Owen Lucas (MSc candidate, Trent University) is studying shrub expansion across Arctic regions, a concept commonly referred to as “shrubification”. This has been well-documented in tundra regions, but less has been done to assess the extent of shrub expansion directly within the boreal biome at a large spatial and temporal scale despite dramatic evidence that it is occurring in some regions. His research aims to establish a method of assessing shrubification of the boreal forest across space and time by combining field, lidar and satellite data. This method will be tested and applied in the Kluane region of Yukon to assess the extent to which shrubification has occurred and to better understand the impacts these changes are having on biodiversity in the region.
Adam Kirkwood (PhD candidate, Laurentian University) is on mapping changes in permafrost conditions in the Hudson Bay Lowlands, and studying how these changes impact the storage of mercury. This project will create a map of mercury storage in soils of the Hudson Bay Lowlands, and will look at the transformation of inorganic mercury to it's biologically available form of methylmercury, a process known as mercury methylation. This research will work to understand how microbial communities in the environment perform this process of methylation, and how permafrost thaw can change these microbial communities. By mapping both mercury storage and areas where permafrost thaw is abundant, the goal is for this project to be able to identify areas where mercury methylating microbial communities might be more abundant, and therefore determine which types of permafrost environments or areas may have high potentials for mercury methylation. This work is important since methylmercury is a contaminant of concern, and may impact subsistence fishing practices of Northern communities.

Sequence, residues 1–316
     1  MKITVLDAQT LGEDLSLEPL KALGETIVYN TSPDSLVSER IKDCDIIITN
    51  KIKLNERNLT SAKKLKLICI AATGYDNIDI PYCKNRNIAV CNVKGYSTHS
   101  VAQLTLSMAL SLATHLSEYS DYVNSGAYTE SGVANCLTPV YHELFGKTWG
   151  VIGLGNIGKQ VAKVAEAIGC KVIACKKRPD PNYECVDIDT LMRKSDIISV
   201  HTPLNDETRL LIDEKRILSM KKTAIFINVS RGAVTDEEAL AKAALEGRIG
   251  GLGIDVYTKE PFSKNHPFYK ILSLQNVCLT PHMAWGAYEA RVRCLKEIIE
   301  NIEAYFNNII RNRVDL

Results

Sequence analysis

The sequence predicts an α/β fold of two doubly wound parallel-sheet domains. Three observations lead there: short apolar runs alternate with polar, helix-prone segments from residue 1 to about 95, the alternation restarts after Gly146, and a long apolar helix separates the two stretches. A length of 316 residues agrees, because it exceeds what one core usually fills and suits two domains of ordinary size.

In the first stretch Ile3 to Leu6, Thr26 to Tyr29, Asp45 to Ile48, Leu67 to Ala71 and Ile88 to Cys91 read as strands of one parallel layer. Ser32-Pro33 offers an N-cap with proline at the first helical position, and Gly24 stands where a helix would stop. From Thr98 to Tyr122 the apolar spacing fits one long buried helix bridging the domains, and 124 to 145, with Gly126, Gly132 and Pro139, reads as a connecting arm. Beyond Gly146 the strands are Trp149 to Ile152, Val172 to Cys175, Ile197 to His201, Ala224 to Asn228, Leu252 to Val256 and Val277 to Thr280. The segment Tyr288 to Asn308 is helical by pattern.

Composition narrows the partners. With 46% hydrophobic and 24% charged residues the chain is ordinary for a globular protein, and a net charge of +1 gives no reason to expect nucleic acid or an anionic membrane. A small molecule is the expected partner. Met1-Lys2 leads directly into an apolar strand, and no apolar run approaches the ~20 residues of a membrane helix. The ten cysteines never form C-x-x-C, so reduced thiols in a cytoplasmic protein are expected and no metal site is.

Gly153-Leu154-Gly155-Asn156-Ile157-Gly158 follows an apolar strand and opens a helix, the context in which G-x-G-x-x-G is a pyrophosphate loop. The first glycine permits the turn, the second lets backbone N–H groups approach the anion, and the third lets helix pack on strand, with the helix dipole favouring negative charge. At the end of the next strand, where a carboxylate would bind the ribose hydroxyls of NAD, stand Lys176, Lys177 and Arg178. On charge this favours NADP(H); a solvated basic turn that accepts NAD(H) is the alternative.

Haley Moskal (MSc candidate, Laurentian University) is studying aquatic biodiversity recovery in Killarney Provincial Park. These lakes have faced multiple stressors including historic acidification from Sudbury smelter emissions as well as the current effects of climate warming, browning and invasive species. A detailed biodiversity study from 1995-1997 will be repeated using the original sites and sampling methods to assess the recovery of various sensitive indicator species, including crayfish, benthic and pelagic fish, amphipods, and mayflies, within the Killarney Wilderness Park watersheds. The overall goal of her research is to assess the trends in recovery of aquatic biodiversity. Another important focus of the project will be the assessment of the effectiveness of the protected area that is Killarney Wilderness Park for the recovery of biodiversity.
Brooke Carroll (MSc candidate, Laurentian University) is studying the potential impacts of highway and transmission line developments on turtles and plants in the relatively pristine Indigenous traditional lands of the Magnetawan First Nation. Using radio telemetry, Brooke will investigate the presence of turtles in disturbed and undisturbed sites while also looking at plant diversity within these sites (including medicinal plants). Her project will provide site-specific data to Magnetawan First Nation that can be used to inform decision-making, habitat protection and recovery actions for these turtle and plant populations. This research will be done collaboratively with the First Nation community and will employ a two-eyed seeing approach to maximize the combined strength of Indigenous and Western science ways of knowing.
Matthew Fuirst (PhD candidate, University of Guelph) is investigating the mechanisms behind juvenile dispersal in Canada jays using radio telemetry and long-term monitoring data. Canada jay populations along the southern edge of their range in Ontario have been declining dramatically since the 1980’s, potentially due to climate change spoiling their frozen, stored food. This tracking study on Canada jays will help determine if natal dispersal patterns are driving range contraction through preferential movements towards more viable habitats for caching and breeding.